Nvidia tumbles on low revenue guidance

  • Nvidia's revenue guidance was lower than expected.
  • The company recently announced its next generation of graphics cards.
Nvidia co-founder and CEO Jensen Huang attends an event during the annual Computex computer exhibition in Taipei, Taiwan May 30, 2017.
Tyrone Siu | Reuters
Nvidia co-founder and CEO Jensen Huang attends an event during the annual Computex computer exhibition in Taipei, Taiwan May 30, 2017.

Nvidia stock fell by 6 percent on Thursday after the company reported better-than-expected earnings and lower-than-expected revenue guidance.

Here are the major numbers:

  • Earnings: $1.76 per share, excluding certain items, vs. $1.66 per share as expected by analysts, according to Thomson Reuters.
  • Revenue: $3.12 billion, vs. $3.10 billion as expected by analysts, according to Thomson Reuters.

Overall, Nvidia's revenue grew 40 percent year over year in the second quarter of its 2019 fiscal year, which ended on July 29, according to a statement.

With respect to guidance, Nvidia says it expects to post $3.25 billion in revenue, give or take 2 percent, in the fiscal third quarter; analysts were expecting $3.34 billion for that period, according to Thomson Reuters. That outlook excludes contributions from cryptocurrency products, Nvidia chief financial officer Colette Kress told analysts on a conference call on Thursday.

The company expects that in the fiscal third quarter its gross margin will come in at 62.8 percent, give or take 50 basis points, excluding certain items, which is in line with the FactSet analyst consensus.

While Nvidia has become trendy given the use of its graphics cards for artificial intelligence computing, its chips are commonly used to improve the performance of games in PCs, and most of Nvidia's revenue comes from its gaming business segment, whose revenue came out to $1.81 billion, above the $1.75 billion consensus estimate among analysts polled by FactSet.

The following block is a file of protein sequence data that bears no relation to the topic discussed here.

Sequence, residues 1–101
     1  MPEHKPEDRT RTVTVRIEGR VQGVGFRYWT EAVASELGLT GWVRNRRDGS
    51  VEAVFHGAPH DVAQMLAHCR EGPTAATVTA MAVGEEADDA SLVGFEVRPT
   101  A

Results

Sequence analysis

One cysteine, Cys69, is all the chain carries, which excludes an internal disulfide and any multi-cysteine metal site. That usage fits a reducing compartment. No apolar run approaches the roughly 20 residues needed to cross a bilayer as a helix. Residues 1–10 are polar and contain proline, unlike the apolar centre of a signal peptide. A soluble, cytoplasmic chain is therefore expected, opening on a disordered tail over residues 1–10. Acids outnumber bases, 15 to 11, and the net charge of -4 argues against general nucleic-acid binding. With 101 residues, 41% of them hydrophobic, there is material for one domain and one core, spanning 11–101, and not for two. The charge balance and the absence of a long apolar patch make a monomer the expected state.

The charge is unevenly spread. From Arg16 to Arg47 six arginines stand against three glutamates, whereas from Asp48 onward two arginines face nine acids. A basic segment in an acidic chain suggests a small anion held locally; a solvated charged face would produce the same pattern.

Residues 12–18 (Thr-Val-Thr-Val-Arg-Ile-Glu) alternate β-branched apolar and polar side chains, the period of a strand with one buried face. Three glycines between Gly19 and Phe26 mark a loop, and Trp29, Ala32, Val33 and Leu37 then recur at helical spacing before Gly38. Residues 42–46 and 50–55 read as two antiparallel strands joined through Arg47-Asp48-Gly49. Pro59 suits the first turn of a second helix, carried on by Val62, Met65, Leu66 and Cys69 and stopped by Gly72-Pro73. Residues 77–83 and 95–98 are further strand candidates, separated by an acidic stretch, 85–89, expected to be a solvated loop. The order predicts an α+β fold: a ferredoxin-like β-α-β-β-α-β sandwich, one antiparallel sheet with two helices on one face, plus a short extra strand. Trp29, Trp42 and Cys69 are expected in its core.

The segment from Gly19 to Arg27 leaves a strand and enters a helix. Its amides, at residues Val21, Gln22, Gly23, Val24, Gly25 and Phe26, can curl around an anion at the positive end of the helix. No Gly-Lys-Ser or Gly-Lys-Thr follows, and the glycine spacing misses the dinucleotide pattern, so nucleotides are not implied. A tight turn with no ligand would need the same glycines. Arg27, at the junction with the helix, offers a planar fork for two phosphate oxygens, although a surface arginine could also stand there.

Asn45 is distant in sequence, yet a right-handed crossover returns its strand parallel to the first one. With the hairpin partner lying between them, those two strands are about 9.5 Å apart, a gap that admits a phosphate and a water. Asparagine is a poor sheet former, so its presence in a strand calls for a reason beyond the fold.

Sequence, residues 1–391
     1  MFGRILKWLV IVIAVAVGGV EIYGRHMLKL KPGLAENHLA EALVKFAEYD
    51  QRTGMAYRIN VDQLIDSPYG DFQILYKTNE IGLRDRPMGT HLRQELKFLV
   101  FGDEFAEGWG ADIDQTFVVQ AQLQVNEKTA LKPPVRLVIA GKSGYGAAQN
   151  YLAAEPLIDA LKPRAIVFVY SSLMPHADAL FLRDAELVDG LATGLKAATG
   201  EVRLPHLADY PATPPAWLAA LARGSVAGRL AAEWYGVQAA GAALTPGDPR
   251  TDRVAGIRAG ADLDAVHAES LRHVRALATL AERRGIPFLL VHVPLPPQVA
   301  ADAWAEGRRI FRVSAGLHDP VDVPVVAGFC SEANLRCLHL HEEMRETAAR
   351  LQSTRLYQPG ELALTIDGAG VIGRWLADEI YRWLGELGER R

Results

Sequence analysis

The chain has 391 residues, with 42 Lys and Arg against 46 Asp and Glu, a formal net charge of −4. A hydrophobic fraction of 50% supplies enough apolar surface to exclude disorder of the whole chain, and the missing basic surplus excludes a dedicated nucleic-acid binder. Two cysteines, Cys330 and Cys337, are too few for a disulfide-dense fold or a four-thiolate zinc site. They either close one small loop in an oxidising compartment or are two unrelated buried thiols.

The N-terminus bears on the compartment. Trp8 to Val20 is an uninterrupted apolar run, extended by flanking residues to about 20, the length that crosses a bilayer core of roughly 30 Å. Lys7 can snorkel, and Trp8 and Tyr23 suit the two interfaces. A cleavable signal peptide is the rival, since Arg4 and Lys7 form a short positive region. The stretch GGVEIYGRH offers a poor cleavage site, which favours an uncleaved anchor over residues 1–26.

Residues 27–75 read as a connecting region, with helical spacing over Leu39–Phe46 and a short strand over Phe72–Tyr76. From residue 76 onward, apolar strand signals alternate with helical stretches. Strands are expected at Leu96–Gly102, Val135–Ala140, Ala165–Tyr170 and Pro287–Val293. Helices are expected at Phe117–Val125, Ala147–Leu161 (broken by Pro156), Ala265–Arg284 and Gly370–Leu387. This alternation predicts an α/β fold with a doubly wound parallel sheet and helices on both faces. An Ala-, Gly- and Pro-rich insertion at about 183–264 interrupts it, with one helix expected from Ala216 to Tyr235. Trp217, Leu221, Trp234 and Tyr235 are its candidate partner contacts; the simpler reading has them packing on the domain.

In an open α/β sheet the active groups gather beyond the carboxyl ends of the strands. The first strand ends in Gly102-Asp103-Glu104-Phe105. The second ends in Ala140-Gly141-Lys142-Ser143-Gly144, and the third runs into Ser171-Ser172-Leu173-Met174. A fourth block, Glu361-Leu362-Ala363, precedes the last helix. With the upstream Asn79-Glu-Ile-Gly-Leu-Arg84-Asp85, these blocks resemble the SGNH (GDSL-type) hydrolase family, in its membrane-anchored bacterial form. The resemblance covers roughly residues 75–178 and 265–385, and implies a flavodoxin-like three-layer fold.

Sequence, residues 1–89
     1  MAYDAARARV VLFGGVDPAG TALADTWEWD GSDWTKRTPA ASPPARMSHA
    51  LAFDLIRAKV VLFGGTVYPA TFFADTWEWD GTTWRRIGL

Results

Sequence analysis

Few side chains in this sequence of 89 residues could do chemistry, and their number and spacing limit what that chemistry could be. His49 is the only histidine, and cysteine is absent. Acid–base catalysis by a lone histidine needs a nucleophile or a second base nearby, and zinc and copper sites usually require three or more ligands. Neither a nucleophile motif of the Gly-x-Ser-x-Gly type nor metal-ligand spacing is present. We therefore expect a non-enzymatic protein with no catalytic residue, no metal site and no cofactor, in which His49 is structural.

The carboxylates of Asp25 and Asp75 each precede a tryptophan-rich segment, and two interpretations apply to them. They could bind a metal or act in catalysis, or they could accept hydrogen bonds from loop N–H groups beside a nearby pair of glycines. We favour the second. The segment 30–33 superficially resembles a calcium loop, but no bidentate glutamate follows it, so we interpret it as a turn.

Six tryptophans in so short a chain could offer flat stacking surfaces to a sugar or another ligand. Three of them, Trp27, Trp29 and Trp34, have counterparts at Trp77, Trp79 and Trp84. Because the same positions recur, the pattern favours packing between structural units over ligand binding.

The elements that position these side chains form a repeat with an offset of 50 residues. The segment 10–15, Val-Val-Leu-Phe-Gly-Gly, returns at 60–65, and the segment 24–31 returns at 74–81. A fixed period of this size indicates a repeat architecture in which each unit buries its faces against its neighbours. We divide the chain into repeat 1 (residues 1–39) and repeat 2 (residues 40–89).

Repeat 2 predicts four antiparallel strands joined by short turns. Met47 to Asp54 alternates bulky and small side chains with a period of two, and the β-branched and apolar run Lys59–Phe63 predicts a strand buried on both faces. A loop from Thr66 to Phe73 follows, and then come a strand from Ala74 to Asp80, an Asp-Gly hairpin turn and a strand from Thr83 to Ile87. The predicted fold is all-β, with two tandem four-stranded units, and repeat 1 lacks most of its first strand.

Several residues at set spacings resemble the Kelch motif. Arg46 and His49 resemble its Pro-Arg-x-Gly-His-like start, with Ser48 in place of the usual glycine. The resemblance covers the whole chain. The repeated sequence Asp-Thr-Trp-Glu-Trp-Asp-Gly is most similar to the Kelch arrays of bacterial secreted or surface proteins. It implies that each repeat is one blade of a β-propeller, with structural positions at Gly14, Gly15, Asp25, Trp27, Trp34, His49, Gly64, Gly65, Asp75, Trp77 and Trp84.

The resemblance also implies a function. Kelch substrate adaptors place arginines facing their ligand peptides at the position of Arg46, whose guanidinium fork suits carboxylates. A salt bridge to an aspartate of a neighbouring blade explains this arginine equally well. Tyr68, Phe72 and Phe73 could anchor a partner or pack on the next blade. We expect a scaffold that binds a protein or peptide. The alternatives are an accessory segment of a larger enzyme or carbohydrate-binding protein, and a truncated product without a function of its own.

The second-largest segment, data center, exceeded the $744 million estimate, at $760 million in revenue. The professional visualization category produced $281 million in revenue, above the $257 million estimate.

Nvidia's automotive segment came in at $161 million, above the $148 million estimate. Revenue from original equipment manufacturers and intellectual property, including products for cryptocurrency mining, was $116 million -- a 70 percent sequential drop, and below the $188 million FactSet analyst estimate.

"Our revenue outlook had anticipated cryptocurrency-specific products declining to approximately $100 million while actual crypto-specific product revenue was $18 million, and we now expect a negligible contribution going forward," Kress said. Nvidia's CEO, Jensen Huang, put it another way, saying that currently executives think cryptocurrency won't be material to the company for the second half of the fiscal year.

While the cryptocurrency impact will drag down the OEM and IP business and bring year-over-year declines in the fiscal third quarter, Kress said executives are hoping that "absolutely" Nvidia's data center business will grow, and they think the gaming business will grow as well.

Nvidia's operating expenditures of $818 million were about $8 million above what analysts had expected for the quarter.

In the fiscal second quarter Nvidia announced that its chips are part of the world's fastest supercomputer, the U.S. Department of Energy's Summit.

But after the quarter ended, Nvidia announced the next generation of its graphics cards, Turing. Turing-based graphics cards will become available in the fourth quarter, Kress said.

"We believe gaming demand is seeing some softness due to a product transition (Turing), which we anticipate will be launched at the end of August," RBC Capital Markets analyst Mitch Steves wrote in a note to clients. In the meantime, Intel has begun teasing its own graphics cards that are meant to challenge Nvidia's.

Nvidia stock is up almost 35 percent since the beginning of the year.